In the United States, criminal offenses can be classified as either property crime or personal crime. Both of these types are then grouped according to their severity with felony being the most serious. Misdemeanors, on the other hand, are considered lesser crimes than felonies, but graver than infractions.
Whether a certain criminal act would be considered as a felony, misdemeanor, or infraction depends largely on each state. In fact, many states further classify different levels of misdemeanors. When a person commits a crime that's considered as a misdemeanor, he or she may or may not serve jail time for it. The maximum sentence for misdemeanors is a mere 12 months.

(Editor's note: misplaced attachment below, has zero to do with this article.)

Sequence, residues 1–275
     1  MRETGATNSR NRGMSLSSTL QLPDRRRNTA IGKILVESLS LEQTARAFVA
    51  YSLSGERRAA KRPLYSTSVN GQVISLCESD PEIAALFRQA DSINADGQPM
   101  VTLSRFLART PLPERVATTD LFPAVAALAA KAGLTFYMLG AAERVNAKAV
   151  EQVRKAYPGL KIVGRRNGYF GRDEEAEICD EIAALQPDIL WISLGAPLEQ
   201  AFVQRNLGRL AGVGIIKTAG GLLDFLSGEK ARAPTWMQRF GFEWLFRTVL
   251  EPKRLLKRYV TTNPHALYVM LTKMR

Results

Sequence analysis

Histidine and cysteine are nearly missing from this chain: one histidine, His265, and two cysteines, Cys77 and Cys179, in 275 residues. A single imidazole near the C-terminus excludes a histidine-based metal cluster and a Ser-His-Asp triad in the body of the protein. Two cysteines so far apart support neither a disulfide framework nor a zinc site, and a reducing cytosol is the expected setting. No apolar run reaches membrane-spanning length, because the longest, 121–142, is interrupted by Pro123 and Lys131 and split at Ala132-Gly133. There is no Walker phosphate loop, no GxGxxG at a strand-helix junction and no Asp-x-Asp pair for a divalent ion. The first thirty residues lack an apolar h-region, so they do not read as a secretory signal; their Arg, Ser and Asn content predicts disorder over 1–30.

Aside from serving jail time, there are a few states where people convicted with misdemeanors lose their civil rights like all convicted felons do. Some of these rights include the right to carry guns and the right to vote. Being prohibited from getting employed in certain jobs, however, is a punishment that all states can impose on certain types of misdemeanor crimes.
Crimes that are usually deemed as misdemeanors, such as driving under the influence or DUI, could turn into felonies due to certain circumstances, such as actually hitting a pedestrian while driving.